Also, don’t sleep on Reid Lidow. The San Fernando Valley native, whose resume boasts the unique factoid of working for both Mayor Eric Garcetti and former U.K. Prime Minister Gordon Brown, raised $84,000 in just a few months. He has a number of contributions from business executives and $67,000 in cash on hand. It’s a more-than-solid launch point.

Breaking the Bank in District 5

Perhaps the most exciting council race is in District 5, where candidates seeking to succeed the termed-out Koretz have already generated $1.64 million in contributions. That is more than twice the total of any other council race.

Attorney Sam Yebri has held the cash advantage from the early stage, and continues to make jaws drop. He secured $163,000 in the most recent reporting period for a total of $683,000—more than any council contender for any seat—and that’s with refusing donations from real estate developers and political action committees. His disclosure forms show a wide swath of donors, from CEOs to chiropractors to a dishwasher.

He continues to be closely trailed by Katy Young Yaroslavsky, who also had a strong reporting period, with $149,000, bringing her to $508,000 to date. Like Yebri, she has dozens of $800 donations (the maximum contribution for a council race) from people working in a plethora of fields.

Yebri and Yaroslavsky have staggering cash-on-hand sums—$499,000 and $405,000, respectively—but others are in the chase.  Progressive candidate Jimmy Biblarz has raised $152,000 (including a $37,000 loan). Scott Epstein and Molly Basler are each hovering around $50,000.

Running From the Left

Nithya Raman’s 2020 upset win over council incumbent David Ryu set a new path for progressive candidates in Los Angeles. Now, a cadre of challengers are hoping to star in a sequel.

That includes a leftward swing from District 9 candidate Dulce Vasquez, whose $74,000 in the most recent reporting period brings her to $211,000, which has to draw the attention of incumbent Curren Price. The two-term council rep has raised $366,000, and his $306,000 in cash on hand dwarfs Vasquez’s war chest of $119,000. Price is the favorite, and has deep connections, but Vasquez has the resources to give him a challenge.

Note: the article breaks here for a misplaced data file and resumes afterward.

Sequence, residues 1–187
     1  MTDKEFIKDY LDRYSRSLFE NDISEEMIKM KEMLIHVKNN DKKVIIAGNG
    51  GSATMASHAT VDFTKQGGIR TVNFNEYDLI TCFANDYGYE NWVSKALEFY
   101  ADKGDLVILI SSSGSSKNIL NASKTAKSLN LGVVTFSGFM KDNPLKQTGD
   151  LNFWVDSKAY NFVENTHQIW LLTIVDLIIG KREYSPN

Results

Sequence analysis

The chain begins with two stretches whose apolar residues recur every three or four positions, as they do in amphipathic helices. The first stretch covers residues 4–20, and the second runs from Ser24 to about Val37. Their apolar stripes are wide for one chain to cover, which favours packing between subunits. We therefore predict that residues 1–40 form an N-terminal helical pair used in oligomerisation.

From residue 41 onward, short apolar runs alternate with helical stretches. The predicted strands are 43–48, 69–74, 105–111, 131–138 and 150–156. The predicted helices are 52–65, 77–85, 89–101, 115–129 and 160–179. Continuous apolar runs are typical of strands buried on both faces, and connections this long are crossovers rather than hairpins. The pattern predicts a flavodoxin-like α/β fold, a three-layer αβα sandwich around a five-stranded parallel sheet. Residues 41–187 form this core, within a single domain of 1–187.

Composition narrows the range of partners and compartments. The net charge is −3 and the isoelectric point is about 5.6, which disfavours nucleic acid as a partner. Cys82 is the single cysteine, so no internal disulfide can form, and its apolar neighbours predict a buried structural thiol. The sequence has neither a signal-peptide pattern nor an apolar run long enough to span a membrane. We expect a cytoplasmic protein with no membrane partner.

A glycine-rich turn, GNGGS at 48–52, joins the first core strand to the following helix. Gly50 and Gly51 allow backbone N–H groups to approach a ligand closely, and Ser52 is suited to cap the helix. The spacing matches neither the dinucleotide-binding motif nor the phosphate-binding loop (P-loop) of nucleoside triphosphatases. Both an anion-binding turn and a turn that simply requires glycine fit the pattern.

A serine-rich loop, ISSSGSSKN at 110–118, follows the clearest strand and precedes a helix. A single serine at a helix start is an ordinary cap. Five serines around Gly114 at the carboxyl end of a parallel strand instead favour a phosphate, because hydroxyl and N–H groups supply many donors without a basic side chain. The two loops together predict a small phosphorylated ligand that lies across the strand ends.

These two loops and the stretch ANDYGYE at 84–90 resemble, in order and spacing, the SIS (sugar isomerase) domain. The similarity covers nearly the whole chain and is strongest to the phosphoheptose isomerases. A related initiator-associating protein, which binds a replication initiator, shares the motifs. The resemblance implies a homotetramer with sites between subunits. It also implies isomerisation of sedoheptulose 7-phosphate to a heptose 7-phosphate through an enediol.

Also intriguing is District 13. Incumbent Mitch O’Farrell is battle tested and has raised a potent $408,000. He’s the frontrunner as he seeks to secure a third term in the Eastside district. But he faces competition from Kate Pynoos and Hugo Soto-Martinez. Pynoos, who has been a deputy to progressive Councilmember Mike Bonin, has notched $131,000 (including a $20,000 loan), and Soto-Martinez, a labor organizer, has pulled in $140,000. Pynoos’ $110,000 in cash on hand is nearly triple the $42,000 Soto-Martinez has to spend, but Soto-Martinez has an important endorsement from Ground Game L.A., which helped organize the volunteers who powered Raman to victory.

Don’t ignore District 1. Two-term incumbent Gil Cedillo can chest thump with $410,000 raised to date, but he got pushed into a runoff in his last re-election bid. Progressive candidate Eunisses Hernandez raised $61,000 in the last reporting period. She too is backed by Ground Game L.A.

More on Money

For all the cash that has been raised, much more will be spent. The city has boosted the amount of matching funds available, and council candidates who secure enough small, local donations can qualify for up to $161,000 in the primary. Meanwhile, City Attorney hopefuls can each get up to nearly $500,000, and Controller aspirants can receive $428,000.

More on Money II

To state the obvious, it’s votes, not fat bank accounts, that win elections. Electoral graveyards are filled with the corpses of sharply dressed candidates who had cash advantages but died at the ballot box. Big checks help, but it takes a compelling message and connecting with voters to win the day.

Please note: this article was originally published in Los Angeles Magazine.